Unused volume in an entire facility is also wasteful. “If you have a lot of inventory in a building, you don’t need as much energy to heat it or keep it cool,” says McKenna, “whereas a big empty building needs a lot of energy to heat it up. So, by using our density better, we can reduce how much energy we have to put into keeping it warm.”

The key to being on a sustainable path, says McKenna, is to avoid the temptation to be “everything to everybody” and adopt a focused business model where the needs of the customer are clearly defined. “We’re a local 3PL, and we’re very focused on the needs of our customers in the Toronto area,” says McKenna. “We stand out because we offer very high quality for the particular type of client that we have.”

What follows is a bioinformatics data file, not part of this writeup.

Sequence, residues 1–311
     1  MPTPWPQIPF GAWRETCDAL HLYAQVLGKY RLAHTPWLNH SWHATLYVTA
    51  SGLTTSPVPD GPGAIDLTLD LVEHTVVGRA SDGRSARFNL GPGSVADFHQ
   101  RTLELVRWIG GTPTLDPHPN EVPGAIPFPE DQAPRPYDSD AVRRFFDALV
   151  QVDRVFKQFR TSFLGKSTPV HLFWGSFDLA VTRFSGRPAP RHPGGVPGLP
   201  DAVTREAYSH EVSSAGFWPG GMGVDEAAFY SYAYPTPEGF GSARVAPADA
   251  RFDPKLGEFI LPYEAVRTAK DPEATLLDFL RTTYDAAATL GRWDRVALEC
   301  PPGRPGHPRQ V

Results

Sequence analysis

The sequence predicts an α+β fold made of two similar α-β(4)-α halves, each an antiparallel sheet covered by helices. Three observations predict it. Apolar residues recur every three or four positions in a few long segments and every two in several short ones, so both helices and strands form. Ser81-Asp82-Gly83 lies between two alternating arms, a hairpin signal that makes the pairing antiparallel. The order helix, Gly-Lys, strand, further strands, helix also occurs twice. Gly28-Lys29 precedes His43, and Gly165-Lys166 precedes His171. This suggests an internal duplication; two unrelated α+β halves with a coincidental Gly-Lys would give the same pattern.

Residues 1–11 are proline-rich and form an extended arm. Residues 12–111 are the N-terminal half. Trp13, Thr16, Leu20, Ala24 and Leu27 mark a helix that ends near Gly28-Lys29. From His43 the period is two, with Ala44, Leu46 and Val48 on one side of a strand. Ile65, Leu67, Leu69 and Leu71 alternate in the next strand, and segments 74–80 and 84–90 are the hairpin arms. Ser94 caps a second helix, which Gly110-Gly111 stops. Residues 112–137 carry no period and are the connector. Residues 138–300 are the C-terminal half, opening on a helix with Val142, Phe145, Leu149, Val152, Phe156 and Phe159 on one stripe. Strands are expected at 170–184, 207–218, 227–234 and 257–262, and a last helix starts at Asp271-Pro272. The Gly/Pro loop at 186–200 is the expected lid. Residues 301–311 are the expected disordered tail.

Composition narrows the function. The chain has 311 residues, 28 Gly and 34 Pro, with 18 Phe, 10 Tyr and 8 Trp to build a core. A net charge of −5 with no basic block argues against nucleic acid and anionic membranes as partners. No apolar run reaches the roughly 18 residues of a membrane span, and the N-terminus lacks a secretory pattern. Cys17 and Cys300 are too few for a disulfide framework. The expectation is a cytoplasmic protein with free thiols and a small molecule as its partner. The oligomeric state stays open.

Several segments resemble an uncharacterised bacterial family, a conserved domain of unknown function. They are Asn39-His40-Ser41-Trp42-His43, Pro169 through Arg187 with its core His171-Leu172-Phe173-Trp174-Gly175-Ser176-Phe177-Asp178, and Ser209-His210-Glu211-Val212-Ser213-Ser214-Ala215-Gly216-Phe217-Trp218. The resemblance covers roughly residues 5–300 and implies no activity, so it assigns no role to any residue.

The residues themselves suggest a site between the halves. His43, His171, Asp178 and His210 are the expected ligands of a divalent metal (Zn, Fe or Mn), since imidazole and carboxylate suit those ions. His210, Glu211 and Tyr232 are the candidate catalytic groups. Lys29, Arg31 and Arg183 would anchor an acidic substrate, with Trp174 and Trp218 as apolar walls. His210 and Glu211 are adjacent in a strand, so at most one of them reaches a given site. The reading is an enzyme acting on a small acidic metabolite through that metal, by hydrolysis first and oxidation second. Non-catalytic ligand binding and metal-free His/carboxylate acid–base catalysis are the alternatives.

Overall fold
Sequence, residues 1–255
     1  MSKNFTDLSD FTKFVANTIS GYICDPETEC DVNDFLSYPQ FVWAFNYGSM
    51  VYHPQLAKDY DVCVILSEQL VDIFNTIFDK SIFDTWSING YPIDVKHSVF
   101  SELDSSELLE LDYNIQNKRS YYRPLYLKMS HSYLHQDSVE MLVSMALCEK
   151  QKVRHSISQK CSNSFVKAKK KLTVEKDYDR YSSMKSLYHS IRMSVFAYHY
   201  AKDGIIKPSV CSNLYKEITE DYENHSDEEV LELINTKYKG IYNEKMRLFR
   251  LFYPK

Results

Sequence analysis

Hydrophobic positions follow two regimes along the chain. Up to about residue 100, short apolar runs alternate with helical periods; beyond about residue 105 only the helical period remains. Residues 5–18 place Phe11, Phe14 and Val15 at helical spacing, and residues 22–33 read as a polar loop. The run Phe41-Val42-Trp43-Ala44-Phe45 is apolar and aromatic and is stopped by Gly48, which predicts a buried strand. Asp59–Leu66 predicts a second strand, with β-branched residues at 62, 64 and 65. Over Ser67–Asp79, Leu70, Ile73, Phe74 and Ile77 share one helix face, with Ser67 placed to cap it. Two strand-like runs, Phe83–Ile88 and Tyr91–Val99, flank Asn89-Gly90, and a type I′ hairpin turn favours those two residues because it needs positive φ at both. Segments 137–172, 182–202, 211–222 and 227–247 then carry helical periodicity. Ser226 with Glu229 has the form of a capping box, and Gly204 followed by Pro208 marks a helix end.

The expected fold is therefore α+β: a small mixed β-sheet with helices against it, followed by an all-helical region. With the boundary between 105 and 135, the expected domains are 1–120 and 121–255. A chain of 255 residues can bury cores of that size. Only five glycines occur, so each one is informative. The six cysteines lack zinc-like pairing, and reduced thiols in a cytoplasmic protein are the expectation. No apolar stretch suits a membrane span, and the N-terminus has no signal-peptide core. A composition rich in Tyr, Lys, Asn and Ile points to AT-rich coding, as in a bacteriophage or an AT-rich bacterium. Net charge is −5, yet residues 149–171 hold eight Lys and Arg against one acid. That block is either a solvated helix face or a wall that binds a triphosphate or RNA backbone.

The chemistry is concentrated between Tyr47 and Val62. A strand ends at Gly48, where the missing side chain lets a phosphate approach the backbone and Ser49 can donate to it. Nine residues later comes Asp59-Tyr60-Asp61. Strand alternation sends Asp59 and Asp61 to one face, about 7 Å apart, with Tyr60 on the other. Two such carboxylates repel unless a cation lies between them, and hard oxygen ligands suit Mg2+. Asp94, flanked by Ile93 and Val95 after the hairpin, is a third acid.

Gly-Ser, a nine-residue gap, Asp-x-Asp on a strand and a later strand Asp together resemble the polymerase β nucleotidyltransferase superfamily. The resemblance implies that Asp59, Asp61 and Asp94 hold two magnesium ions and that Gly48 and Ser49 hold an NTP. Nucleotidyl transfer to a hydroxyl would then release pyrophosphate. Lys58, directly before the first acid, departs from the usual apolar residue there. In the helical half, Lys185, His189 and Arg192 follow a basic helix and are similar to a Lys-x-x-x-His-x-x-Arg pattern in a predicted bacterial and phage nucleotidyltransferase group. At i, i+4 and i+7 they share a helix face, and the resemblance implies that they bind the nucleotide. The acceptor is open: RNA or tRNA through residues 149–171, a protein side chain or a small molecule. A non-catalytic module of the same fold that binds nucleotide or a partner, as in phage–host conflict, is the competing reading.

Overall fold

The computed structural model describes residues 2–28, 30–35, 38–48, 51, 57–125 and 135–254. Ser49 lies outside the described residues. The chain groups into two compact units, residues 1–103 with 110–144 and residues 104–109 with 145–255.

Maintaining that quality often involves questioning prescribed approaches. “We discontinued our ISO 9001 certification after six years because it was distracting us from customer issues,” says McKenna. “Now we can respond to problems dynamically rather than worry about testing and approvals, and our quality has gone up. If something’s not working, we get right to the problem, test our solutions, and then adjust our processes.”

Some of the most successful interventions are equally surprising. “We had a person checking every order that went out the door, but mistakes were still getting through,” says McKenna. “So, we did the exact opposite of what people would expect – we eliminated the checker. And guess what? The errors decreased significantly. That’s because people were no longer relying on the checker to catch things, so they were more careful. Before, if a mistake went out the door,